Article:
The atmosphere is lively inside of the Guggenheim Hermitage on the last Wednesday that the gallery will ever see in its short lifetime. Crowds of people, mostly tourists, shuffle around the Monets, the Van Goghs and the two Picassos, grabbing a glimpse and steadily walking to the next one. In a way, it’s like watching an assembly line, with the movement more required than organic. It’s so strange, and yet in the ADD-afflicted environment of the Strip, it’s strangely normal. It’s certainly not art appreciation, though, and that could be why the Hermitage—which opened in 2001—will be closed by the time you read this. Combine that with struggles in the Downtown art scene and consider: Is art in Vegas dead?
The answer seems to depend on where you’re looking. The attempt to make art an appeal of the Strip may be hurting, but some say art in Vegas actually could be preparing for a renaissance.
“Downtown is the future,” says Libby Lumpkin, Las Vegas Art Museum curator and executive director. Although the Downtown arts scene, which thrived from 2005-07, is struggling to pull in recognizable talent, Lumpkin sees a tremendous opportunity for art aficionados of all types—First Friday lovers, museum-goers, collegiate artists, collectors—to combine forces and regroup Downtown. LVAM, which pulled out of its initial plans to relocate from its Summerlin location in favor of finding a spot to build Downtown, has the opportunity to be the focal point. “And we’ll be making a difference the minute we break ground,” says Lumpkin about the as-yet-to-be-specified location.
But the Downtown area has had a bit of an identity crisis lately—is it an artist party hub or home to a legitimate art community?
Rick Dominguez, Fallout Gallery co-owner and rising voice of Whirlygig Inc., the nonprofit that runs First Friday, says that while there have been difficulties Downtown—including the implementation of a $2 suggested donation to enter the wildly popular festival area to raise necessary funds—the crowds are still coming (about 5,000 people on May 2), and galleries are still being rented out.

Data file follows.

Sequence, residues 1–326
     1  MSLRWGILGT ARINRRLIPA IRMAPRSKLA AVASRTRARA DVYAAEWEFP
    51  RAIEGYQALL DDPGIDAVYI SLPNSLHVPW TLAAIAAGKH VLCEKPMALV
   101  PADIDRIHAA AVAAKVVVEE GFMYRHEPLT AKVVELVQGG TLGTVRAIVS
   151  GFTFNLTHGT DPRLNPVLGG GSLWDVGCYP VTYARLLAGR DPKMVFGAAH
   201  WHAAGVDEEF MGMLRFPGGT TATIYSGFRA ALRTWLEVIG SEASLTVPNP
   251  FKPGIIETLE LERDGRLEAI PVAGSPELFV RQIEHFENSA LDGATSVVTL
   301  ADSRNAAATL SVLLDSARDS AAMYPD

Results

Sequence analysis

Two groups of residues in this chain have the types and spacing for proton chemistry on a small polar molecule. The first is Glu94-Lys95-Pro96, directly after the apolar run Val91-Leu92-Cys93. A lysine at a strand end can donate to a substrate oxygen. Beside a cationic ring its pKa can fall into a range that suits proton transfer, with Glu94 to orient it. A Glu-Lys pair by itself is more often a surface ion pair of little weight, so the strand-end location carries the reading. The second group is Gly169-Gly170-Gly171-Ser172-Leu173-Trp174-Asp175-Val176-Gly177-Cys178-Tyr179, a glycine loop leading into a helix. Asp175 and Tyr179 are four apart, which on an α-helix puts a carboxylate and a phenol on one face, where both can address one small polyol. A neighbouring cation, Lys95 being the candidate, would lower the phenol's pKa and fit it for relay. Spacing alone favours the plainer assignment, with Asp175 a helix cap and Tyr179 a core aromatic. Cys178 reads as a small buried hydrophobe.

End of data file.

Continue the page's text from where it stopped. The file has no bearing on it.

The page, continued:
“We’re at the highest leasing capacity thus far,” Dominguez says of the Whirlygig-owned Commerce Street Studios. “When we have a vacancy, three or four people come in to check out the gallery. It’s far from being boarded up.”
Dominguez says that the latest round of activity in the Downtown area seems to be coming from UNLV art students looking to get their work out into the art community.
“For students, that is important,” says UNLV art professor Catherine Angel. An award-winning photographer herself, Angel has nearly given up selling her work in Vegas. Instead she travels everywhere from LA to Argentina to sell it.
“I tried a lot to sell my work in town for the first couple years,” Angel says, “and I broke even. But the art scene I’m involved with now is more of a national and international one.”
So when it comes to bringing in big names or having the ability to sell some of the higher-end work from either local or national artists, the Downtown Vegas art community is still lagging. And while the Guggenheim, a nonprofit, couldn’t make the Strip economics work, the Bellagio Gallery of Fine Art, a for-profit, is still kicking—it’s making plans to lure more locals to the Strip for fine art. Additionally, the city’s art landscape will include a $40 million contemporary collection on the Strip when CityCenter is complete in 2009.
In the end, art in Vegas may have taken a few hard hits with the loss of the Guggenheim and an identity crisis Downtown. But it’s hardly dead. The next stage—LVAM’s relocation giving a solid identity to Downtown—may just require a little patience.
The one thing the Vegas art community needs more than anything is time.
“Rome wasn’t built in a day,” local artist and Clark County Recreational and Cultural Affairs Supervisor Diane Bush says. “It’ll take time for the art scene to evolve … there are only positive things ahead, and Downtown is where it’s going to be.”
Illustration by Adam Neckel